Friday, July 30, 2010

Scholarly Pursuits

At Boston University on August 20-22, three staff members of The Mark Twain House & Museum will be giving lectures at the Twain/Tolstoy Symposium. Mallory Howard will speak on Twain's marginalia, Julia Pistell will give a lecture on wit in Twain's nonfiction, and our Chief Curator Patti Phillipon will deliver the keynote address. We're all very excited and a bit nervous to collaborate with so many fantastic scholars.

This is Julia writing today's blog post, and I have been working on my lecture every day for the last week or so. I'm fairly new to the Twain House, and much of my time is spent doing things like researching famous moustaches and organizing the logistics of writing workshops, so I'm trying to catch up on my scholarly work. I'm currently reading the Justin Kaplan biography Mr. Clemens and Mark Twain, and I've already written about several other Twain biographies is a previous post. I've worked for the Twain House for a year now, and have picked up what feels like a lot of information about Sam's legacy and work. Yet, I can't help but feel that I will never be a real Twain scholar. There's just so much to know.

It's also a horse of a different color to become a Twain expert as opposed to, say, a J.D. Salinger expert. Twain wrote so much, and an absolutely insane amount of letters, and has captivated the American imagination for about 140 years. There are so many experts that have come before us, what does it take to throw a hat in the ring?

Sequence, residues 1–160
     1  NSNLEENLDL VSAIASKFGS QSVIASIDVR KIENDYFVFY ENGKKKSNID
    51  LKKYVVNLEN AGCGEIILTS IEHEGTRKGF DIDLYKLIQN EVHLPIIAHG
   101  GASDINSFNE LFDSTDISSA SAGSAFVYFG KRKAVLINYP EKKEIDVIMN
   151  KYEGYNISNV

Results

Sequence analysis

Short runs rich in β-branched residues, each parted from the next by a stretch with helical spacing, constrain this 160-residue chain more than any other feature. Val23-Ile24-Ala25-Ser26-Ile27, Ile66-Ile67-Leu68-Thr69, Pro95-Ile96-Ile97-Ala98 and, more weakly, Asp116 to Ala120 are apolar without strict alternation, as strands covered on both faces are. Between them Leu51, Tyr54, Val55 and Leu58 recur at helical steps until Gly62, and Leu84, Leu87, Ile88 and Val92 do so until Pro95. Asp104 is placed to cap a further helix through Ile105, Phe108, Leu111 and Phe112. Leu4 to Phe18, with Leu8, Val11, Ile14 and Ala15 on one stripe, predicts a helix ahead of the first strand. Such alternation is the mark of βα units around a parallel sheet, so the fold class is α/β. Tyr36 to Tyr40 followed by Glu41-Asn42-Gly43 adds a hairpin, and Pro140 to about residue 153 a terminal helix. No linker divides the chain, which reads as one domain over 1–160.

My favorite line in the Kaplan biography is the following: "Recognizing that Orion was bound by the laws of his nature to a lifetime fickleness of purpose and a butterfly vagrancy, Sam once meant to reassure him that there was no reason why a kaleidoscope should not have as good a time as a telescope." I've decided that my current kaleidoscopic view of Twain is lovely in its own way, and an excellent jumping-off point for becoming more telescopic.

So what do you think, loyal readers? At what point does someone become an expert? A scholar? An aficionado? A Twainiac? I'm going to keep thinking about it, but I'd love to hear your thoughts, too.

-- Julia

1 comment:

Meg said...

I've been obsessed with Twain ever since I first read "Huck Finn" as a young teen, and have since read everything I could get my hands on by Twain and about him. I have a whole bookshelf dedicated to my Twainian collection, and have often dreamed of doing a residency in Elmira or working at the Mark Twain house in Hartford. But I don't see myself as a scholar yet. Maybe after I've written a few books and given lectures at the Mark Twain House. Does experience and your resume make you a Twain scholar, or is everyone who is interested on doing scholarly research on Twain a Twain scholar? I suppose it is all in the definition.